The first Israel reactions to the results of the Camp David talks were of elation, but later came reports of dissent.
Int MV Israeli Minister of Defence Ezra Weizman speaking in Tel Aviv.
EXT. MV Spokesman addressing crowd in Hebrew on Camp David summit outcome (2 shots)
GV Crowd celebrating. (2 shots)
EXT GV Israeli flag flying over West Bank settlement.
MV Israeli settlers erecting houses (5 shots)
MV Settlers singing and dancing.
WEIZMAN: That we have a thirty year chance; after thirty years, to reach a peace agreement, a real one. With diplomatic relations, without a Suez Canal. Free passage to everybody. Normal relationships, commercial, tourism etcetera, anything that makes normalised, normal neighbours. And this is the chance that we've all been waiting for and fighting for. What else do you fight for, if not for a better living."
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Background: The first Israel reactions to the results of the Camp David talks were of elation, but later came reports of dissent. Right-wing Jewish Nationalists have termed the agreement a surrender by Prime Minister Menachem Begin, with the strongest criticism coming from the fanatical Gush Emunim (Faith Bloc) movement which seeks mass Jewish settlement on captured Arab land. Hannan Porat, head of Gush Emunim, said Prime Minister Begin was a traitor who had surrendered to the Arabs. However this contrasted sharply with the mood in Tel Aviv on Monday night (September 18th) when 30,000 people took to the streets to celebrate the signing of the agreement. Defence Minister Ezra Weizman addressed the crowd.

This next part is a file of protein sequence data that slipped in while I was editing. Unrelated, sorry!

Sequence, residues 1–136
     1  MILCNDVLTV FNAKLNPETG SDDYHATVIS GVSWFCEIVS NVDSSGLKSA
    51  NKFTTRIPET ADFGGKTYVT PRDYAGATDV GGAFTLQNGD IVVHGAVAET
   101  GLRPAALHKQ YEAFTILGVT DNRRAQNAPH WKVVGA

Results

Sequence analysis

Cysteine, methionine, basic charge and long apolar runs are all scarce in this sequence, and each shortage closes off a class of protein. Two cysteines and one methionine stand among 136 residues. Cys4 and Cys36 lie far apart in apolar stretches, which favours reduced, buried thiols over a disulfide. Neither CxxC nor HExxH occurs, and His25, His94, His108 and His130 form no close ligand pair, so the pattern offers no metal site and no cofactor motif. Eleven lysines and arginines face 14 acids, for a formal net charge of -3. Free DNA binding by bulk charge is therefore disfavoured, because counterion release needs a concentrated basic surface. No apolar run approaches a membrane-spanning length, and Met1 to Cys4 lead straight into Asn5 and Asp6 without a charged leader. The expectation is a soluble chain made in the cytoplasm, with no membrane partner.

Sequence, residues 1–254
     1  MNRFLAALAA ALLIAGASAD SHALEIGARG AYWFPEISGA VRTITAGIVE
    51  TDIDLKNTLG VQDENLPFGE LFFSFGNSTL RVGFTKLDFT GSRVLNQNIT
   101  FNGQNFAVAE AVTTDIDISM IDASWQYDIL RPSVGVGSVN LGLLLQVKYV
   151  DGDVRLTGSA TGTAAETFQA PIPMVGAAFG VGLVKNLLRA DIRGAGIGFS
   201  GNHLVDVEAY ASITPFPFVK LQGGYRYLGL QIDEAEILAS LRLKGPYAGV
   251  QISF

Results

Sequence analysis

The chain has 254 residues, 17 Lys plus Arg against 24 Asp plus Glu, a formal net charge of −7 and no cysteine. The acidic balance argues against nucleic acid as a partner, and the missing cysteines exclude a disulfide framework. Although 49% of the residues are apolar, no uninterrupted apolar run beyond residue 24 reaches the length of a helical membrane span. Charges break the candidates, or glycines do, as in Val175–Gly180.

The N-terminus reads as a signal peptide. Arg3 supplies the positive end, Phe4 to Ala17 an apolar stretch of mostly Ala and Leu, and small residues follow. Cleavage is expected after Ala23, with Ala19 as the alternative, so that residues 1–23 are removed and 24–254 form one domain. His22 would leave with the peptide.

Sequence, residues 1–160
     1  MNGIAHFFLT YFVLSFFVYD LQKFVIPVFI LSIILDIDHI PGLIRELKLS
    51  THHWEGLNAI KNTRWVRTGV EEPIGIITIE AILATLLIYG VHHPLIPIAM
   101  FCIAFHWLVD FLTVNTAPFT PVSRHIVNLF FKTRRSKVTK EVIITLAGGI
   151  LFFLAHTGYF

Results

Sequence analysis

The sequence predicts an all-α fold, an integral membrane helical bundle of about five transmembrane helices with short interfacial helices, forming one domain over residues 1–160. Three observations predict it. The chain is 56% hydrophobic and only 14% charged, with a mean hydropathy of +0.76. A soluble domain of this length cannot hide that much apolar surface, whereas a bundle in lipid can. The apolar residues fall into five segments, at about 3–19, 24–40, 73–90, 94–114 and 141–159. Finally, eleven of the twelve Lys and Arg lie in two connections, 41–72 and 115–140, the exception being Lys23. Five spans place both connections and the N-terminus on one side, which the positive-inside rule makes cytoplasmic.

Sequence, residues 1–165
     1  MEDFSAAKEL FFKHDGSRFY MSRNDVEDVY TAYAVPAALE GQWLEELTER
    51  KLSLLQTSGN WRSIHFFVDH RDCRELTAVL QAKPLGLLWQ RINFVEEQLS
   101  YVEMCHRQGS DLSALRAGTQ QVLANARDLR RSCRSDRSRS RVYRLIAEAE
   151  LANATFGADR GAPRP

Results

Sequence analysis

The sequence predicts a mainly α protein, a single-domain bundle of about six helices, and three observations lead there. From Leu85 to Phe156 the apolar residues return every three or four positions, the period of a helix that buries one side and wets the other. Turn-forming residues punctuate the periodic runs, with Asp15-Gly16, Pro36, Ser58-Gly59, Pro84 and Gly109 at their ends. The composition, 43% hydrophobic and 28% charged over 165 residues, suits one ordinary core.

SYNOPSIS: Other speakers echoed the same theme of elation. In offices government officials opened bottles of wine, and in the street the possibility of an end of the crushing military burden was discussed. Front-rank opposition politicians extended a welcome to the summit achievement, although some had reservations about how it will work. Politicians and diplomats have remarked on the sharp change in the hardline policies of Mr. Begin, particularly in his attitude towards the Jordan West Bank .
On the West Bank the new settlers are continuing to work on villages although the implication of the Camp David agreement is that it will be necessary for some of the settlement to be evacuated. The agreement calls for recognition of Palestinian rights a full autonomy for the region - with its final status to be negotiated within five years.